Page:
Smart Spending for the Teens

smart spendingSmart Spending
A Young Consumer’s Guide

I am totally one of those librarians who loves talking about financial literacy. Teens, particularly, really need help managing the realities of debt, spending, credit, etc. In 1989, I probably would have bought this for a library collection.

Lots of good discussion about fraud and spending. Now a days I bet we would have a hard time understanding some of the vocabulary such as money orders, paper checkbooks, taking advantage of the float between deposits and checks (I was quite the expert in the 1980s), etc.

The one scam that was around during my teen days were the mail order record clubs. The ads touted a huge number of albums for something like a single penny. The trick was you had to opt out before the club sent you all the crappy selections. (Read more about these clubs here, here and here. These articles are kind of old, but entertaining.)  I would guess that a good percentage of my fellow teens indulged in this questionable scheme.

Spend wisely, kids.



rackets con games


  1. The process of filing a complaint with a business is so different now, too–it’s hard to imagine anyone writing a formal letter of complaint like the one shown in the book.

    OMG, I joined both Columbia House & BMG record clubs multiple times during my high school & college years. I never had any trouble with them, though. I only ever got 1 unwanted album (Dexy’s Midnight Runners, ha) and never had a problem returning the little opt-out postcards on time.

    1. I joined at least one record club and had a good experience. A friend of my ex, though, really worked a scam on them: he would join under a fake name, and accept the initial packages. But when the subsequent packages and bills arrived, he’d mark “Return to Sender — No One by This Name at This Address”.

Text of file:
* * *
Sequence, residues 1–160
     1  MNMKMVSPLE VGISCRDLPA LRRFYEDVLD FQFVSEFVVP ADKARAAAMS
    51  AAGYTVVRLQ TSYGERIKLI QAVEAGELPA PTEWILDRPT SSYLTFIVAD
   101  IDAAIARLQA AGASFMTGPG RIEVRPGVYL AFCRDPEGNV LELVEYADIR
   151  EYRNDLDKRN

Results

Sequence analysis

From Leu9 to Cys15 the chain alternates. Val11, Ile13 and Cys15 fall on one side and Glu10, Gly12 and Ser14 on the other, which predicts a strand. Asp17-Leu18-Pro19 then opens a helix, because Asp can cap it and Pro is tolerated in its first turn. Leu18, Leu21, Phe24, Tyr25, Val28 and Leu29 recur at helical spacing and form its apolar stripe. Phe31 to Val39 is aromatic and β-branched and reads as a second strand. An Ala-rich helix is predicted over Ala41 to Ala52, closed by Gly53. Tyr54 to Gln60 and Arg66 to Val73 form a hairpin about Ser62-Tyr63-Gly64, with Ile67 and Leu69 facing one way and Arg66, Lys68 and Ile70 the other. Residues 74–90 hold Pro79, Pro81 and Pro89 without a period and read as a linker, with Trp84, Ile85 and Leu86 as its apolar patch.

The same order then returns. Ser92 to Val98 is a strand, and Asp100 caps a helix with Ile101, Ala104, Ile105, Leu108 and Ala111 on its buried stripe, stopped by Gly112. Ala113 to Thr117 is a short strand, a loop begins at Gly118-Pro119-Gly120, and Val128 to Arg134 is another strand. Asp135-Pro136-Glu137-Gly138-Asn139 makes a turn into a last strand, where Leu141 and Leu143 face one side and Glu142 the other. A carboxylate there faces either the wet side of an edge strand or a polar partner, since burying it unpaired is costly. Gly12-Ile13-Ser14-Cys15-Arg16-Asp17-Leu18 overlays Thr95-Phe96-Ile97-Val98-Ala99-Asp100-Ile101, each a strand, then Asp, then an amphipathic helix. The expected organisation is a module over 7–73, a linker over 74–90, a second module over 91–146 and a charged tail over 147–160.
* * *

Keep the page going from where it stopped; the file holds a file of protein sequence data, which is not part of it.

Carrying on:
2. When I wanted to develop an LP collection at my library but had a shoestring budget the Columbia Record Club was very useful. I just had to remember to cancel as soon as the commitment was fulfilled. I recall reading about a husband and wife who gamed the system with Book of the Month Club — one would get the four-books-for-$1, then get the bonus for referring a new member (the spouse) who would get four-books-for-$1, then fill the commitment and quit, etc., etc.

    1. The club’s regular prices & shipping/handling were definitely inflated, but I never felt like I was hugely ripped off or anything. They usually only made you buy 3 records in one year at regular price, and I feel like I still ended up at least getting a few records for “free” in the end, after doing all the math.

  3. Oh yes, I most certainly did indulge! My dad made them go away. I didn’t have a clue. Those lists of albums were soooo tempting….

  4. Money orders are still a thing. Certain places will only take them or a cashier’s check, and the deceptive subscription swindle sounds familiar only with clothing instead of recorded music. Trying to pay the float is a guaranteed disaster now, so that has changed.

    1. I saw a guy buying a money order at the post office just yesterday. Although maybe just being in the post office nowadays makes me a dinosaur anyway?

      I’m actually kind of shocked that this book apparently recommends the float time thing to teens as something to take advantage of. Even back in the 80s, it wasn’t precise enough that you could count on it. I remember a friend of my mom’s was forever bouncing checks attempting to use the float time to her advantage.

        1. That could be!! I was basing my comment on Mary’s remarks, but I might have jumped to conclusions!

        1. Kiting checks is writing checks from an account in one bank to an account in another, and then back again to constantly “refresh” the float. Paying the float is writing a check when there isn’t money in the account at that instant, but should be by the time the person receiving the check takes it to their bank, their bank sends it to the clearing house, and they try and clear it. In a sense it is/was an unsanctioned loan generated as a byproduct of the technical and legal restrictions of the day. Check kiting is/was an attempt to push the closing of that “loan” ever further and obtain the value of the float permanently. My guess is that would be prosecuted as obtaining money under false pretenses.

  5. This book was in my middle school library and I loved it for some strange reason. I still love pointing out scams and swindles, so it was pretty effective! Although even in the nineties, I was baffled by the notion of CODs. …

  6. After having our online bill-paying accounts hacked four times in two years, we switched back to “obsolete” paper checks. We also pay in cash for all our day-to-day shopping, since every time a card is used at our local Home Depot, gas station, and grocery store, the number is instantly stolen.

  7. I’d weed the book for giving bad financial advice to teens. *glares at book for recommending taking advantage of floats*

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